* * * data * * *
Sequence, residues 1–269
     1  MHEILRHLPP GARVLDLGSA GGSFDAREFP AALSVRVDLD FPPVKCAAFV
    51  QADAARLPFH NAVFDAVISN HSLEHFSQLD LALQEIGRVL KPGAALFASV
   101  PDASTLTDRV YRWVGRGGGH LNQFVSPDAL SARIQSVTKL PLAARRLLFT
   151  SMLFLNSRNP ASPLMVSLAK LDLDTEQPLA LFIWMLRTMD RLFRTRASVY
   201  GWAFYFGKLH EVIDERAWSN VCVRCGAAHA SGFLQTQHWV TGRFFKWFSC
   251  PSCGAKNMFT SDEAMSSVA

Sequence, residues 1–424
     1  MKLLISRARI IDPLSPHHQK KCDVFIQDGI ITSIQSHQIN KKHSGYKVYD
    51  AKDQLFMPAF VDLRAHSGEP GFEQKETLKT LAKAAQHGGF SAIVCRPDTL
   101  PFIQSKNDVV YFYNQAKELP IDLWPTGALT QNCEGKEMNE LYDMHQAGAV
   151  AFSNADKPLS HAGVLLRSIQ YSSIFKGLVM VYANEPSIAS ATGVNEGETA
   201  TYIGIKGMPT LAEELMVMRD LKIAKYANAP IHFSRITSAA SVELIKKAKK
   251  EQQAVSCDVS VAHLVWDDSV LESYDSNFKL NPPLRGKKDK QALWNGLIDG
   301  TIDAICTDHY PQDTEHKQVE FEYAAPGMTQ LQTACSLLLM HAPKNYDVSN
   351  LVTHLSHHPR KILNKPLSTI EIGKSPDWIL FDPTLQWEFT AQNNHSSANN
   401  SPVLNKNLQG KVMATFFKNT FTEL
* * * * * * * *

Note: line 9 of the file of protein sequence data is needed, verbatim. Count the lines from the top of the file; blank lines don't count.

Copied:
     1  MKLLISRARI IDPLSPHHQK KCDVFIQDGI ITSIQSHQIN KKHSGYKVYD